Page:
The UK government said it would consider allowing biotechnology companies to keep the sites of genetically modified (GM) crop trials secret, following incidents by Greenpeace on a trial site in Lyng, Norfolk, last week.

At present the location of sites registered to carry out GM trials, and the type of trials being conducted, are public knowledge. A map of the sites is available on the Environment Department's Web site, and companies planning to carry out trials are obliged to place advertisements in local papers before starting up.

Last week's raid was on a field of GM maize planted by the Hoechst/Schering agbio company AgrEvo UK Ltd., and was the third farm-scale experiment to be disrupted in the UK in the past eight weeks.

Greenpeace argued that the pollen from GM crops will cross-pollinate with other species. It justified the action by saying its "decontamination unit" had "removed GM pollution." Twenty-eight Greenpeace activists, including the pressure group's executive director, Peter Melchett, were arrested as the raid was in progress.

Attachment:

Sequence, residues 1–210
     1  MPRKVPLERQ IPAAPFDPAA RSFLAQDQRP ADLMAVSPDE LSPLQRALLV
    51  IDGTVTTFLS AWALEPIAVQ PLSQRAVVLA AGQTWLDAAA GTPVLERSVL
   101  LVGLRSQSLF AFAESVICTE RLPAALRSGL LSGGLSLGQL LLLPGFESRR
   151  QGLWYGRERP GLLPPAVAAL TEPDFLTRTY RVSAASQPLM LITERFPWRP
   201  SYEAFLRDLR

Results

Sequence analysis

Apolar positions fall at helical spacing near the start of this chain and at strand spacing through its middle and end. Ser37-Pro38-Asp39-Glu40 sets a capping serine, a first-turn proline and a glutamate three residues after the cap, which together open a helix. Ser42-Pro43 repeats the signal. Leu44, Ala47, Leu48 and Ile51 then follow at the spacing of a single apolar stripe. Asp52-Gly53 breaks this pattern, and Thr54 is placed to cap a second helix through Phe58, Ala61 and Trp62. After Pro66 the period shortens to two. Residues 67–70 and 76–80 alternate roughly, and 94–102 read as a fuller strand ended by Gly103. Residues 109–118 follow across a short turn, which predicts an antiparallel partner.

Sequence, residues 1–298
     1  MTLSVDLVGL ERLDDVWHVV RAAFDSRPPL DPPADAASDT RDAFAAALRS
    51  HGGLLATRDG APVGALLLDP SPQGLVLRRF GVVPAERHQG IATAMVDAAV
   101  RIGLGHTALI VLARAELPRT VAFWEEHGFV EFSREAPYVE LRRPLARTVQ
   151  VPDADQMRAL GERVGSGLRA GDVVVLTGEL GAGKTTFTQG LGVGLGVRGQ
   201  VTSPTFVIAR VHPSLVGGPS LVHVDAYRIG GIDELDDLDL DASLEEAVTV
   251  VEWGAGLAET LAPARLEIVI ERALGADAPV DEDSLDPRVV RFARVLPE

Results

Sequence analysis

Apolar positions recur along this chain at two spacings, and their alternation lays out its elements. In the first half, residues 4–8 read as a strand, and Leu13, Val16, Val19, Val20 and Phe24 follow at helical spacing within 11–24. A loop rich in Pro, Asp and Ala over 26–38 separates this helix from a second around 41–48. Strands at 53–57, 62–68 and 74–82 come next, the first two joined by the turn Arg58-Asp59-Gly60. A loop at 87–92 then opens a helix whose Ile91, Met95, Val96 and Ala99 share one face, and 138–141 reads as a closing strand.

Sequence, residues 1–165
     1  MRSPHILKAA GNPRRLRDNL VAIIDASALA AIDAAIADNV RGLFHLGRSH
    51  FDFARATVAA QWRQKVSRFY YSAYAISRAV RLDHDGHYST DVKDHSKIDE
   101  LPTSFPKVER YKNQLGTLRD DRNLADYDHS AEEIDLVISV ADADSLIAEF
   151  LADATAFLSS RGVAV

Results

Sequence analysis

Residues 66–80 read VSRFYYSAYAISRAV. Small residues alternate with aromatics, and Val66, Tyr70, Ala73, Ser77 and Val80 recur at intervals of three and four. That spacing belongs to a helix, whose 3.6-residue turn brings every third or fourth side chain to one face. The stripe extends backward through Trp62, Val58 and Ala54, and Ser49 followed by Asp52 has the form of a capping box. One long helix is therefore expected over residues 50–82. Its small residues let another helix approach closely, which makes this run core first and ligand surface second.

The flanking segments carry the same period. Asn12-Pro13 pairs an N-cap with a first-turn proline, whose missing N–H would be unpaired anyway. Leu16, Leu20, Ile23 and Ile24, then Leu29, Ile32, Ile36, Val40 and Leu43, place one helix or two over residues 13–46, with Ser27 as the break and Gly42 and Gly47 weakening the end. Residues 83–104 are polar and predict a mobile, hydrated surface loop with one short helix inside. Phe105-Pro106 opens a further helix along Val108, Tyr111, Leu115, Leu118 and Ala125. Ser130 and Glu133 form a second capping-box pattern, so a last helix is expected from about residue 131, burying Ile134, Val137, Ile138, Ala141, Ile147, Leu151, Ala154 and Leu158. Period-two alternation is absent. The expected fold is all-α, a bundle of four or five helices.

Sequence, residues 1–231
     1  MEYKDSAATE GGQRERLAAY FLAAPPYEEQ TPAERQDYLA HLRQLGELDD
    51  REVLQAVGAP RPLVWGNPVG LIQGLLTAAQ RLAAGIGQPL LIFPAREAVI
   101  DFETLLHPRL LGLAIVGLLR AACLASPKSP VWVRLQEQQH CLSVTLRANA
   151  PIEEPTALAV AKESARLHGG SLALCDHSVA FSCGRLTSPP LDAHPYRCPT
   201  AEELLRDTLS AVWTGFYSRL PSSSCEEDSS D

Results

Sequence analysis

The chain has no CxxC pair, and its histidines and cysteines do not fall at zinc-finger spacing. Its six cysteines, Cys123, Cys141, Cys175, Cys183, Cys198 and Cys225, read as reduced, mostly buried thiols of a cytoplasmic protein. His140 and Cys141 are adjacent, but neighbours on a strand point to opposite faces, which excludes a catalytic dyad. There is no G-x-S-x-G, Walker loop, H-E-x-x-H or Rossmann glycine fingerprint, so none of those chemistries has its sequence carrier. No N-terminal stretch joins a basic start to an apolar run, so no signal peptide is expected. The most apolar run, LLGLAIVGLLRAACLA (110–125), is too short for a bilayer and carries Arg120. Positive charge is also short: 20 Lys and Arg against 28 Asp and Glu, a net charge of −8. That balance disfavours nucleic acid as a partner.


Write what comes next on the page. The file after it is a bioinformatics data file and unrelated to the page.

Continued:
Other GM sites attacked recently include AstraZeneca plc's research center in Jealotts Hill, Bracknell. There, poplar trees, engineered to have a low lignin content, were cut down. The irony is that the company said these trees will be environmentally friendly as the low lignin content will reduce the need for bleaching agents when they are processed into paper.

The government insisted trials must be allowed to proceed since that is the only way to obtain data on the environmental impact of GM crops. But Greenpeace argued that making the sites secret will increase public disquiet about GM crops.